In societies that have a hierarchical structure, being at the top of the hierarchy has significant advantages. High ranking individuals in hierarchical societies usually have the best lifestyles. Field biologists have coined the terms alpha and beta males for individuals at the top of societies that are established among chimpanzees, gorillas, wolves, lions, and baboons. The alpha male in a baboon troop can have his pick of the best food and most fertile females, and his offspring usually are more healthy and stronger. Researchers from Princeton University, lead by Dr. Laurence Gesquiere, have shown that being the alpha male in a baboon troop has significant impacts upon male and stress hormone levels. Their research was published online in the journal Science. The researchers studied a troop of baboons in their natural habitat over a long period of time. Hormone levels for testosterone and glucocorticoids were tested in the alpha male, beta males and other lower ranking males. Testosterone is a male hormone and regulates many male physiological processes such as sperm production, muscle mass production, male secondary sexual characteristics, and sexual and aggressive behaviors. Glucocorticoids are hormones that are involved in regulating stress and are usually elevated in dangerous and stress inducing situations. The researchers found that the beta males had very high levels of testosterone but lower levels of glucocorticoid hormones. The lowest ranking males had lower testosterone levels but higher glucocorticoid levels, presumable because they needed to defend themselves from other males. The one exception to this rule was that the alpha male had very high testosterone levels and very high glucocorticoid levels. Of particular interest was the fact that alpha males had significantly higher levels of stress or glucocorticoid hormone levels. The authors wrote, “alpha males exhibited much higher stress hormone levels than second-ranking (beta) males, suggesting that being at the very top may be more costly than previously thought”. These findings suggest that being at the very top, or being the alpha male, has significant advantages but involves much higher stress levels and a greater expenditure of energy. Taken all together, these results suggest that being second in rank may be less stressful from a hormonal perspective, but still be as rewarding.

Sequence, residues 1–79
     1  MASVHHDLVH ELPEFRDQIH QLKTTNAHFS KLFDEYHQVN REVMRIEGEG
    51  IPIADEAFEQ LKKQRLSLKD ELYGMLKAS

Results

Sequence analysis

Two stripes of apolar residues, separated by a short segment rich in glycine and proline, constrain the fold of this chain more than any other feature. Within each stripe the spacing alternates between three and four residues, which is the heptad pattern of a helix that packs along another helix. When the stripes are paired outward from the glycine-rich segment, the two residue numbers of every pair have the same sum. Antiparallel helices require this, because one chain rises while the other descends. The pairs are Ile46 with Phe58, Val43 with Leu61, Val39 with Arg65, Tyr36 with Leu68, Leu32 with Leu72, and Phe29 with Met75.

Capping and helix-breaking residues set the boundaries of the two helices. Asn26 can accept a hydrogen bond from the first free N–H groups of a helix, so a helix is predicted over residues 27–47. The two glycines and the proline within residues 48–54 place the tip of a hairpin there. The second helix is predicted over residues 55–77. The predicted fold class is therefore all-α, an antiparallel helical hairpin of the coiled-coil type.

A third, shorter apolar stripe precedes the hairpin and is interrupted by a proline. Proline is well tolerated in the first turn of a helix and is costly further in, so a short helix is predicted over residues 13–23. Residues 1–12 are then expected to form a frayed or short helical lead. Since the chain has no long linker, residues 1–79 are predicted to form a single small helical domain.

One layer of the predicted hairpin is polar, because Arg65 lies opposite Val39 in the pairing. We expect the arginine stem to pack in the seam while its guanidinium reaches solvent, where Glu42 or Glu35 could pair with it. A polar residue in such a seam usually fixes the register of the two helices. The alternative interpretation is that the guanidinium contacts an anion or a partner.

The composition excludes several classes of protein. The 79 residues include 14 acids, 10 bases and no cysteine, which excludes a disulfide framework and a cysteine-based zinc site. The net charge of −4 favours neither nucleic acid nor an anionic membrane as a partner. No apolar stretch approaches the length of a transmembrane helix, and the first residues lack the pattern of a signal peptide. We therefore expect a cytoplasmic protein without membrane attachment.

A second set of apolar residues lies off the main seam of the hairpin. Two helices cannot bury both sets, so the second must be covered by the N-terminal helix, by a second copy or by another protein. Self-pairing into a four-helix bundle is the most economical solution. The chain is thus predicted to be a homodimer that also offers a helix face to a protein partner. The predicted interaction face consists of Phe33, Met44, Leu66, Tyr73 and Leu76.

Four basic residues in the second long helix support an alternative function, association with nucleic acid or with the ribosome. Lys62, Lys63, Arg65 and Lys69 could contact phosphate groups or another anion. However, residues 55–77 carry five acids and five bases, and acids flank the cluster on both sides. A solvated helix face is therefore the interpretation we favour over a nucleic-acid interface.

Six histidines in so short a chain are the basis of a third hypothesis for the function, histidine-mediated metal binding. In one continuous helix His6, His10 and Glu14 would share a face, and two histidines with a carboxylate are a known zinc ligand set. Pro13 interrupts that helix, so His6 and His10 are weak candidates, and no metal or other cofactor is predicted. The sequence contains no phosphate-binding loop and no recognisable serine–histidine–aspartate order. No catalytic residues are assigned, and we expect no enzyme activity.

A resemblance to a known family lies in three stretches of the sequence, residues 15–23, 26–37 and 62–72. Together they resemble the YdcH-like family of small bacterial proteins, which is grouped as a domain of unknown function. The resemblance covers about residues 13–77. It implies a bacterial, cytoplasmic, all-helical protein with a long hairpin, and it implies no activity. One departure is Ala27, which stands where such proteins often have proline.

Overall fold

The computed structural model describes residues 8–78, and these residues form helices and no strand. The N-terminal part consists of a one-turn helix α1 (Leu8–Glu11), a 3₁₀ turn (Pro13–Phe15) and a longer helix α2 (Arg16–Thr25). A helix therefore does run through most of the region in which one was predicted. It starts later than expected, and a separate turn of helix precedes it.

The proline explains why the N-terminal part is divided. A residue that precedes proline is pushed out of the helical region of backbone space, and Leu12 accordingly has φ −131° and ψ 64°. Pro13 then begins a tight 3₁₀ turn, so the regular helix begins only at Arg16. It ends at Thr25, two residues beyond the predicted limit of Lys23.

Laurence R. Gesquiere et al. “Life at the Top: Rank and Stress in Wild Male Baboons” Science 333, 357 (2011); DOI: 10.1126/science.1207120